A collection of interesting literature on Stereoscopic Photography from various authors. All articles are copyrighted and linked directly to its respective author/or published site url.
An Introduction To 3D Photography
by Michael Gabriel I Published on Contrastly.com
Three dimensional or 3D photographs are visually appealing. They invoke interesting reactions. They make photos look real, as if they’re just right in front of you.
The concept of 3D photography has been around for years. It’s not something that was recently invented or created. 3D photography is rather old.
It was in 1839 when 3D photography first came into the spotlight. Also called stereo photography, it attracted attention along with the photographic science revolution. That was before the time when people were inquisitive and wanted to know why our vision of images and drawings were all flat. This gave way to the investigation that led to the conceptualization of stereoscope, which referred to the study of how the mind can merge two images or ideas that are different in a way that’s so natural, but makes us aware of our three dimensional spaces. Sir Charles Wheatstone is credited for the investigation on stereoscope or stereoscopy. More...
Modern Stereo Photos
by Brian May and Elena Vidal I Published on londonstereo.com
It's a little outside the remit of the original London Stereoscopic Company, but the scope of the new LSC knows no boundaries !Stereo Photography is very much alive in the 21st Century, and on this site, we hope to bring you some prime examples; of course it will take time ... See a small selection below which include a some of Bri's stereos, a fascinating project in the medium of stereo photography by Louisa May, created in May 2008, and from November 2008, a new domain for Queen-related stereos ... some from the early days, with Freddie and John, and some from more recent times, with Paul Rodgers. More...
Stereo Parallax and Disparity in Single-lens Stereoscopy
by Michael A. Weissman I Published on researchgate.net
Single-lens stereoscopy (SLS) is the method where a stereo pair is derived by sampling light from two sides of an aperture within a single optical path. I first review the formation of the two images and the characteristics of these images. Of special interest are the differences between single-lens stereoscopy and dual-lens stereoscopy (DLS). Then I consider various practical considerations of using this method to make real-world products. Some of the questions to be addressed are: How do we form left and right images in a single-lens system? What causes the disparity between the two images? Just where is that aperture in a real optical device, anyway? What is the stereo parallax for an SLS system? How is disparity related to object depth (and is it different for DLS systems)? Can we measure a stereoscopic "sense of depth" or "depth effect"? How can we produce a strong depth effect in a SLS camera? How much depth effect is produced by the camera and how much by the display? What is the overall transformation from "Object Space" (the real world) to "Virtual Space'" (what we see)? How do we measure the sense of depth produced by the overall system? More...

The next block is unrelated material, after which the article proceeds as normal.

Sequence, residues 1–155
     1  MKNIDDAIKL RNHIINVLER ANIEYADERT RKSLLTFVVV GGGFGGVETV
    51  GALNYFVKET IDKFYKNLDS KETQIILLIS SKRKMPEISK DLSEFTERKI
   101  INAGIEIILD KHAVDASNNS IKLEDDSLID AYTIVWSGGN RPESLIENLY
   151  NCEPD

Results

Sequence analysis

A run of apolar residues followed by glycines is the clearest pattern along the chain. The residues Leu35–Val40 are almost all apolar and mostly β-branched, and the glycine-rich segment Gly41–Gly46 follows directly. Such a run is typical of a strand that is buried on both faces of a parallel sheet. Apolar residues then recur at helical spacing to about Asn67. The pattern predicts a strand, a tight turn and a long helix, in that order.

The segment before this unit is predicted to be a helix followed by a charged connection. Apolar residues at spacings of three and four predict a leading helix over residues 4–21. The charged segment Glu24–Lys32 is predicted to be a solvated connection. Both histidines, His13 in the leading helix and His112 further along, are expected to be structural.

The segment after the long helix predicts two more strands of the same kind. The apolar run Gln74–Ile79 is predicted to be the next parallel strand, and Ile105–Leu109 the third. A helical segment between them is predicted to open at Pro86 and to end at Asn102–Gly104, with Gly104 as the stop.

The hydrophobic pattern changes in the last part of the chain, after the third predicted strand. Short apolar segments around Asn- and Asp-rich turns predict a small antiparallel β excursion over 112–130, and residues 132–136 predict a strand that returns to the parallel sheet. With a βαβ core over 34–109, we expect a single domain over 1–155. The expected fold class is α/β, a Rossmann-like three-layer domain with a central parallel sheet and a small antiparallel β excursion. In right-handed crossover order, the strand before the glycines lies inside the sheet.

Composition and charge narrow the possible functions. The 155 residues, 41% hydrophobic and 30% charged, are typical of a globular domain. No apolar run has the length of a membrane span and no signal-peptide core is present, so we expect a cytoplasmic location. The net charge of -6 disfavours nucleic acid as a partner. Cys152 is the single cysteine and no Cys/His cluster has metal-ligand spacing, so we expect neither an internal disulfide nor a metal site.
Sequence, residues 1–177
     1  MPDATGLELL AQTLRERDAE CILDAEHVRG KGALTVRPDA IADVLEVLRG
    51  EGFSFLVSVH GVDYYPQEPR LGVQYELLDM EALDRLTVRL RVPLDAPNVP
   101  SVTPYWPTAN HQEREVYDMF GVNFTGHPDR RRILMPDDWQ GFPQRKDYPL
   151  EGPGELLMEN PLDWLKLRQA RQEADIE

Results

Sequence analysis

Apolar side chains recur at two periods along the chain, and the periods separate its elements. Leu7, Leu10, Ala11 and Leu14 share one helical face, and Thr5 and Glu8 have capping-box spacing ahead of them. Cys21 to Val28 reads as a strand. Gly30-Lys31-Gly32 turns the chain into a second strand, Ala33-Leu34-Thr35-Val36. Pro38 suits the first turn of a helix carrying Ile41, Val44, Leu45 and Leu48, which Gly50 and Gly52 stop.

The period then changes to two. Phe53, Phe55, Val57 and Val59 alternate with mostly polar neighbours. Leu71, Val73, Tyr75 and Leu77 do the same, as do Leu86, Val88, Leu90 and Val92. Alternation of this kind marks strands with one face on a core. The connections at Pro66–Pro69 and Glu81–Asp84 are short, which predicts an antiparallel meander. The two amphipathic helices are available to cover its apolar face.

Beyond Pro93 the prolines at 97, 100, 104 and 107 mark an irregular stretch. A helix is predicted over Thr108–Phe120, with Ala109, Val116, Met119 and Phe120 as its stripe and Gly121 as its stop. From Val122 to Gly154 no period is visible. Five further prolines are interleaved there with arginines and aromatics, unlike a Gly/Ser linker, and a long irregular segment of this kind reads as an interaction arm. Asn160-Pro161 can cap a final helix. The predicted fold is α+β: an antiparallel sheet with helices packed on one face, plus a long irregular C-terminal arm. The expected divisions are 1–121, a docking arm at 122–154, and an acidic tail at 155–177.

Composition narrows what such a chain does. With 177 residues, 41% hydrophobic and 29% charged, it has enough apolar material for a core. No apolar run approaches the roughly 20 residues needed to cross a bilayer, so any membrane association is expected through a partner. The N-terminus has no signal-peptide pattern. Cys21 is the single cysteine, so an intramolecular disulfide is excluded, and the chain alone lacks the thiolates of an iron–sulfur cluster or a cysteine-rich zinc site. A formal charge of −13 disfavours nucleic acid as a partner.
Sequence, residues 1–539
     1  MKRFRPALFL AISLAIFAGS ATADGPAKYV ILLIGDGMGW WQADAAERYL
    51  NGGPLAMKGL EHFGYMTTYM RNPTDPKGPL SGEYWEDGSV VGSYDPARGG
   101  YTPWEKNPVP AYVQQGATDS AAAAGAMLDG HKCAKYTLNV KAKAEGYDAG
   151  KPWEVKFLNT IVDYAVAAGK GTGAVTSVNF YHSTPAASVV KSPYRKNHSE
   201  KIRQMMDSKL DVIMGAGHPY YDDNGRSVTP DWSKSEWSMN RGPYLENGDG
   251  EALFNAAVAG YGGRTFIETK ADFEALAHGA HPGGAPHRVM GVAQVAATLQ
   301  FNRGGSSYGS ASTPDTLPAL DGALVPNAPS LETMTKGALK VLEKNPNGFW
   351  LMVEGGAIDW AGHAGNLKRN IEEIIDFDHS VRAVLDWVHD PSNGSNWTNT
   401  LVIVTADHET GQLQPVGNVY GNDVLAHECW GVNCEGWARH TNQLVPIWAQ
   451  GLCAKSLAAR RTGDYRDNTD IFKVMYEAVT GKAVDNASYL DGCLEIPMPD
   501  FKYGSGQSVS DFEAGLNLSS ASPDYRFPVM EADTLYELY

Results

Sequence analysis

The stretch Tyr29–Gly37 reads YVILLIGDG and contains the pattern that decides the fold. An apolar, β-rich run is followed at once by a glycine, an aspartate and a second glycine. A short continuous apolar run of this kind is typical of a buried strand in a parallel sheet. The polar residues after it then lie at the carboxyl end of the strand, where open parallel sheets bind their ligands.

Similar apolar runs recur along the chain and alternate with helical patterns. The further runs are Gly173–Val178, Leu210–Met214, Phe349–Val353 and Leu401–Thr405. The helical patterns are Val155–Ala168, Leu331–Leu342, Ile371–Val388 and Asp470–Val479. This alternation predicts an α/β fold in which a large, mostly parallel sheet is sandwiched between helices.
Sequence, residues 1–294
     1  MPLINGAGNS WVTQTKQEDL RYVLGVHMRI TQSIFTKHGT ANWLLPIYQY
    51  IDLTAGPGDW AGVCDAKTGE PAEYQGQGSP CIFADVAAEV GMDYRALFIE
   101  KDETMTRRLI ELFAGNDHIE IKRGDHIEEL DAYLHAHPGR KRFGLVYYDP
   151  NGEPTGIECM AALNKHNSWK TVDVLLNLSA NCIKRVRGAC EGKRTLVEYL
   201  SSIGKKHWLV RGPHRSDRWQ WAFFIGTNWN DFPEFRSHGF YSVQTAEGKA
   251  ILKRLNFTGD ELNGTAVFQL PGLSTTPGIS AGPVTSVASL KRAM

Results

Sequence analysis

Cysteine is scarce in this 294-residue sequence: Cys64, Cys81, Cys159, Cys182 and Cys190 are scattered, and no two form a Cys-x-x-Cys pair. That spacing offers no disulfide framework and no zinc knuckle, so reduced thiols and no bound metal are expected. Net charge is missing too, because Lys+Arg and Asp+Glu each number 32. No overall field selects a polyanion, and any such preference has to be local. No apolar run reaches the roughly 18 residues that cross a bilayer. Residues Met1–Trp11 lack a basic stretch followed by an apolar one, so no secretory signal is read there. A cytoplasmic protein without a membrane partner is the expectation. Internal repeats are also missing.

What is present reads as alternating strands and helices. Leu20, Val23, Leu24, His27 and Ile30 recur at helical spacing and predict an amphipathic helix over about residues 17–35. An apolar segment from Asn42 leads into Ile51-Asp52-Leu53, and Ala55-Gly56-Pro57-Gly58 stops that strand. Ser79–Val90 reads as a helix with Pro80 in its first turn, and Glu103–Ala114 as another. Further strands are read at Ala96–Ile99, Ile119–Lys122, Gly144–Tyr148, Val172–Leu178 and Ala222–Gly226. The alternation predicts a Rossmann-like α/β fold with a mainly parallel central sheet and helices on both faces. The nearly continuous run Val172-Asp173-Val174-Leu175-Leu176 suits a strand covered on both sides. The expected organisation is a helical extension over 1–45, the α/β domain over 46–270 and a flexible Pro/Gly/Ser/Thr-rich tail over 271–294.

Motion parallax, stereoscopy, and the perception of depth: Practical and theoretical issues
by Jocelyn Faubert I Published on semanticscholar.org
This paper deals with practical and theoretical issues related to motion parallax. Motion parallax implies that the perception of depth can be extracted from a temporal sequence of images that contain different perspectives. The present paper will focus on the relative effectiveness of motion parallax as compared to stereoscopic depth perception. It will be argued that motion parallax alone will generate a strong sense of depth, even in the absence of stereoscopic cues. Two studies directly comparing motion parallax and stereoscopy will be presented showing that, under certain conditions, these cues can be equally efficient and that there can be an additive effect when both cues are present. A theoretical discussion on the effect of optical distortions and how such distortions can influence motion parallax from a viewer’s perspective will follow. Particular emphasis will be placed on the optical distortions produced by progressive addition lenses used to correct for presbyopia. Finally, research avenues will be proposed to answer some of the theoretical and practical issues related to motion parallax in our daily activities. More...
The Future Of Photography Is About Computation
by Glenn Fleishman I Published on fastcompany.com
Since the birth of photography almost 180 years ago, the relationship between a photographer and a camera has remained mostly unchanged. You open a shutter and capture an image. Though you might manipulate lenses, exposures, and chemicals–or, in recent years, bits–there was a nearly one-to-one relationship between what the lens saw and what you captured. But you’ve likely taken thousands, if not tens of thousands, of pictures in recent years that break that relationship without knowing it. More...
Stereoscopic 3D: A Brief History
by Shaina Tromp I Published on cyberscience3d.com
3D technology has become commonplace in today’s society with the advancement of 3D movies, 3D gaming and technologies like Oculus, Microsoft HoloLens, zSpace and Magic Leap, but where did 3D imaging originate?
In 1838, Sir Charles Wheatstone invented the stereoscope to give depth to images. The stereoscope he created presented two offset images separately to the left and right eye of the viewer. These two-dimensional images were then combined by the brain to give the perception of 3D depth. More...
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Parallax Animation & Stereoscopic Photography - Research